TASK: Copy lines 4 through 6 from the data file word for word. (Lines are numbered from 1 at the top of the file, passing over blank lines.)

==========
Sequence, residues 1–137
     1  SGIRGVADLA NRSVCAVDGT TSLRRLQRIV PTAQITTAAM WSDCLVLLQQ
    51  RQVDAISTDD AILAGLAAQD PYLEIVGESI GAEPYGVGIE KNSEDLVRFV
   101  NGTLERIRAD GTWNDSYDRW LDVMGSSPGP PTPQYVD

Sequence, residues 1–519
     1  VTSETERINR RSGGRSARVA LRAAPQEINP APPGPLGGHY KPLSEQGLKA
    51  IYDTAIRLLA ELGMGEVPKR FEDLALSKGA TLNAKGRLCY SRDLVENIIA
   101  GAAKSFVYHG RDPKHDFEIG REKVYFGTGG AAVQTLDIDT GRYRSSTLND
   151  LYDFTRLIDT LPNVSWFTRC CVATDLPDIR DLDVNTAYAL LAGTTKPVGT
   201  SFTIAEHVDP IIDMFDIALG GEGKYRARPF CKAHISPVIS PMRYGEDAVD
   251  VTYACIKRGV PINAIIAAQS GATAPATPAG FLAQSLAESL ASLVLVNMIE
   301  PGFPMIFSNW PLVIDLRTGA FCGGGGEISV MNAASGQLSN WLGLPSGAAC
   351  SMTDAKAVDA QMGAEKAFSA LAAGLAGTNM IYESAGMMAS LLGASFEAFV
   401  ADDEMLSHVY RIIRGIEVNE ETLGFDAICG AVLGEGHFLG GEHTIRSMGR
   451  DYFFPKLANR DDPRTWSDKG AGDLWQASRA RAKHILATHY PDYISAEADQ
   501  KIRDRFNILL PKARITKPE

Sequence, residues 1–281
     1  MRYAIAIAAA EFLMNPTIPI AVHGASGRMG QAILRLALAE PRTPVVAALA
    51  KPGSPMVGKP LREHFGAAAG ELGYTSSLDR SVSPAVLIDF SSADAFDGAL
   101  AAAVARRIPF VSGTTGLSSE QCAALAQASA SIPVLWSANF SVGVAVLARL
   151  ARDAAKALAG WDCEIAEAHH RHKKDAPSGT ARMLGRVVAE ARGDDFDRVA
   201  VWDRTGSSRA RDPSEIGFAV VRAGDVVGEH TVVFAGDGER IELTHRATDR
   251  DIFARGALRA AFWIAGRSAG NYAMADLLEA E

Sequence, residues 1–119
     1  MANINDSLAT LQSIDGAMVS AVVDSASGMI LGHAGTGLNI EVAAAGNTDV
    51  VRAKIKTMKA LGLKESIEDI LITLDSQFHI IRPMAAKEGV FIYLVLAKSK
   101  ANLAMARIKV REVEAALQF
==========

   101  NGTLERIRAD GTWNDSYDRW LDVMGSSPGP PTPQYVD

Sequence, residues 1–519
     1  VTSETERINR RSGGRSARVA LRAAPQEINP APPGPLGGHY KPLSEQGLKA